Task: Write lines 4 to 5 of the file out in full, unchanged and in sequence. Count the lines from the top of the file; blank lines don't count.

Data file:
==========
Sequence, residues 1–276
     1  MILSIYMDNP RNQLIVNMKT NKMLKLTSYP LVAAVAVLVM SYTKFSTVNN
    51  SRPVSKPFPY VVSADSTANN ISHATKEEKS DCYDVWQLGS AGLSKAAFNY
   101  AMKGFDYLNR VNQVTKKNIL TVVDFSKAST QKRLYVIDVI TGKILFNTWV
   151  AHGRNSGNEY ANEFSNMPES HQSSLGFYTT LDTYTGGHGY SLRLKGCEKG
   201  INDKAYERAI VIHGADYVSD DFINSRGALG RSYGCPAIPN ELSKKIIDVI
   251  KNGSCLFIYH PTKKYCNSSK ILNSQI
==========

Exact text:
   101  AMKGFDYLNR VNQVTKKNIL TVVDFSKAST QKRLYVIDVI TGKILFNTWV
   151  AHGRNSGNEY ANEFSNMPES HQSSLGFYTT LDTYTGGHGY SLRLKGCEKG